Elegy for Sue Leonard who died last week.
When I was fourteen years old and wanted to be friends with the girls in my neighborhood, they held a council behind a closed door to debate my merits. I had to wait for their answer in the hallway. I remember that hallway. It turned left from the top of the stairs in the head girl’s house. The floor was wood, old wood. There were no windows. The walls were old dented plaster. I do not remember how they delivered their answer; I just remember the answer was no.
Sue Leonard earned my gratitude by not participating in this debate. She was too busy writing poetry and listening to Jefferson Airplane to come out and be cruel to me. I heard her name long before I met her. She was utterly and inexorably cool; everyone agreed on this. She had long swingy brown blonde hair. Sometimes she curled it. She did exotic drugs and drank exotic drinks. She read books and was not ashamed to talk about them. She had strange dreams — jungles, trains, Brazil — that troubled her and fascinated me: She did not think I was weird. Or if she did, she liked my weirdness. I liked being in her room. I would sit on her bed and she would sit on the floor on a pillow while we discussed drugs, boys, and music. Usually, her big brother was having a party downstairs that we were about to join or which we had retreated from. What were her favorite songs? What were mine? I can’t remember. The Kinks, I think. Cream. The Grateful Dead. Steppenwolf. I think we both loved a song called Magic Carpet Ride.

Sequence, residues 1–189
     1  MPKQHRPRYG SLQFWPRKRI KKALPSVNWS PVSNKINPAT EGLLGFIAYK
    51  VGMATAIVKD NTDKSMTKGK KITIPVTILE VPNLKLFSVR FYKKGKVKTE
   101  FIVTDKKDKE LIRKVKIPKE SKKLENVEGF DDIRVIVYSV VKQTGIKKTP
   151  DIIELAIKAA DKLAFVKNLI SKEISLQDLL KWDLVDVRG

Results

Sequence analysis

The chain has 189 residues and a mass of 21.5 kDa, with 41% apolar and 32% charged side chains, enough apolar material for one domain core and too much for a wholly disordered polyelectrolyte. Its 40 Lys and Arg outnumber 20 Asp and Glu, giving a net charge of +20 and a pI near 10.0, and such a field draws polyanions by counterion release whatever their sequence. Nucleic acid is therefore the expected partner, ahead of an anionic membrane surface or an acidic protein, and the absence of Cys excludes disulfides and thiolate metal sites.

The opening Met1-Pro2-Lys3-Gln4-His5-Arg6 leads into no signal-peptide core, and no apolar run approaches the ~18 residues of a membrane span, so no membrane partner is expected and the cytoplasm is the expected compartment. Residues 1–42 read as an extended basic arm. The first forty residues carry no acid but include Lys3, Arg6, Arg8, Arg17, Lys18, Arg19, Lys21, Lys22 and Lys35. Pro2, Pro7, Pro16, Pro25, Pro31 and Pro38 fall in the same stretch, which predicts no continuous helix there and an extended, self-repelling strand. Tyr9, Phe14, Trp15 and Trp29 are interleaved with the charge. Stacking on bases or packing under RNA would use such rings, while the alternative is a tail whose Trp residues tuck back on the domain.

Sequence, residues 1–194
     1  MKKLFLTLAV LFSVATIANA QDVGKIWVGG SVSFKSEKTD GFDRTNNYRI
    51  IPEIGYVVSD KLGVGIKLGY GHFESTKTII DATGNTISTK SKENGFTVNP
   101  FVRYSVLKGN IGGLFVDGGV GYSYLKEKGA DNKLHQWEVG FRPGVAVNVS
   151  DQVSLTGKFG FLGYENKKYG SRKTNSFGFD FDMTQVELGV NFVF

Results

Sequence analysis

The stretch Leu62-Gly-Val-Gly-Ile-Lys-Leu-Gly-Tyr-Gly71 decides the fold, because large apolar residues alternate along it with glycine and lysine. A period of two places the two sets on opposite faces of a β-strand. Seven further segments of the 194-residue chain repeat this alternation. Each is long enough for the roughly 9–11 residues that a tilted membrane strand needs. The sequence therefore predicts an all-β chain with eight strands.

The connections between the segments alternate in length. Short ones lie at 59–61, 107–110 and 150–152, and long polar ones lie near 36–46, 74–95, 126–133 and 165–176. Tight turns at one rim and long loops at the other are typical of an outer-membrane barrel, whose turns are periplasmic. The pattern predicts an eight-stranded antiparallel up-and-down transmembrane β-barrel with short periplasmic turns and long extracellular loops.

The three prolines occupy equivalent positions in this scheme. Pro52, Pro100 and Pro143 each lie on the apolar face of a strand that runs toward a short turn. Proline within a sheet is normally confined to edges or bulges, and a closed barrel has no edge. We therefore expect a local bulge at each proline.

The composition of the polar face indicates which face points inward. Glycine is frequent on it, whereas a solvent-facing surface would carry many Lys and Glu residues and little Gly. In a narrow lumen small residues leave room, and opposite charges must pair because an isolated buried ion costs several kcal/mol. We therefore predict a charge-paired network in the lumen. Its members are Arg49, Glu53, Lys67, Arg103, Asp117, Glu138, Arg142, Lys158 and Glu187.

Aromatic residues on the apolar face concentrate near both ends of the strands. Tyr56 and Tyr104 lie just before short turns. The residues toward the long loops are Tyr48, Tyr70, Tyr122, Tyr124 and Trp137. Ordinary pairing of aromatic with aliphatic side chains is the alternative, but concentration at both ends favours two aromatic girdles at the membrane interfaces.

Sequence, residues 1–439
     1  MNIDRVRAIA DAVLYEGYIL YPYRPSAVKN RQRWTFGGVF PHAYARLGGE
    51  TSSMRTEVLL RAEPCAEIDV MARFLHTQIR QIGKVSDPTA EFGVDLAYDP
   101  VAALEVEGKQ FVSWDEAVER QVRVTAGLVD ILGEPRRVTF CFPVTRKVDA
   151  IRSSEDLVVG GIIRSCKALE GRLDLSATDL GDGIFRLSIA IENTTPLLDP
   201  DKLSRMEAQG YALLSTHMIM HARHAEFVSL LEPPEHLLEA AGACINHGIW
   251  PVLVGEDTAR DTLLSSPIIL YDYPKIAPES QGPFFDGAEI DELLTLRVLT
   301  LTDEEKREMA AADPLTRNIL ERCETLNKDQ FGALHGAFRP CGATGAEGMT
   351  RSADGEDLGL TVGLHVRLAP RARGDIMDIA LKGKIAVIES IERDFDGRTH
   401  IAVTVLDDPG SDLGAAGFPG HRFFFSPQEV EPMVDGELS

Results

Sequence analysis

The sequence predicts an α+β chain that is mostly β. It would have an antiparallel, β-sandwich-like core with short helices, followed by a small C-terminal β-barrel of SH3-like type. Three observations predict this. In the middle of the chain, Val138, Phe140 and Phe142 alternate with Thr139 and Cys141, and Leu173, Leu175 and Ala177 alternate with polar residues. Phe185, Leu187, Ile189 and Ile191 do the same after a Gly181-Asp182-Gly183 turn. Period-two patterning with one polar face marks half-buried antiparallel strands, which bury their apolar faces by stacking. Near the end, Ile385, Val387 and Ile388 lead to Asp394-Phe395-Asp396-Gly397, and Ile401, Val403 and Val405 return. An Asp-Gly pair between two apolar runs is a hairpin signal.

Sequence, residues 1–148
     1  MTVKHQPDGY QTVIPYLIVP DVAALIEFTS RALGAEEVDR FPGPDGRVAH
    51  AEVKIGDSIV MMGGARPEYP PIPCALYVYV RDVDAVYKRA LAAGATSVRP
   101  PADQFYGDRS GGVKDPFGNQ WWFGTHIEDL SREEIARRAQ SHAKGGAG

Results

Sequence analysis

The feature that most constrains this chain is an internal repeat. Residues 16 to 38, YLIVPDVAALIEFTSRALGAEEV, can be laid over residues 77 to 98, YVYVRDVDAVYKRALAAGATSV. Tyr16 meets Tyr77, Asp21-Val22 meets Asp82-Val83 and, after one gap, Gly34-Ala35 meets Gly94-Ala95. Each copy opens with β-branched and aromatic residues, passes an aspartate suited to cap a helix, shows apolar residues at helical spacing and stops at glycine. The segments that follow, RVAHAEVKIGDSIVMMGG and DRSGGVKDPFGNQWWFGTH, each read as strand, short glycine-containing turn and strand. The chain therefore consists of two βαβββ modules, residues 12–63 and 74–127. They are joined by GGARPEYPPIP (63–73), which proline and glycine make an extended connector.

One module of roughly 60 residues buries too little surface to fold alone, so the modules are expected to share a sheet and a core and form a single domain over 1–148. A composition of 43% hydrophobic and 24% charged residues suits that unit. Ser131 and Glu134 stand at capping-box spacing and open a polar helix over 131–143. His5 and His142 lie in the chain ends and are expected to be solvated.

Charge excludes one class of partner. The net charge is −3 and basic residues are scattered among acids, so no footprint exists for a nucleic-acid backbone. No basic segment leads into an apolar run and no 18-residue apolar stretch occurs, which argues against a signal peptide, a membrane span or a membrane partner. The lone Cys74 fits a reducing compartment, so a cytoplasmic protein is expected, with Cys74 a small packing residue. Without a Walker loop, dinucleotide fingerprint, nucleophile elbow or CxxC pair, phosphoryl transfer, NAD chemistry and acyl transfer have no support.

There is a misty picture of her on the internet that I stared at today. She was as beautiful as ever. I never saw her as a grown up.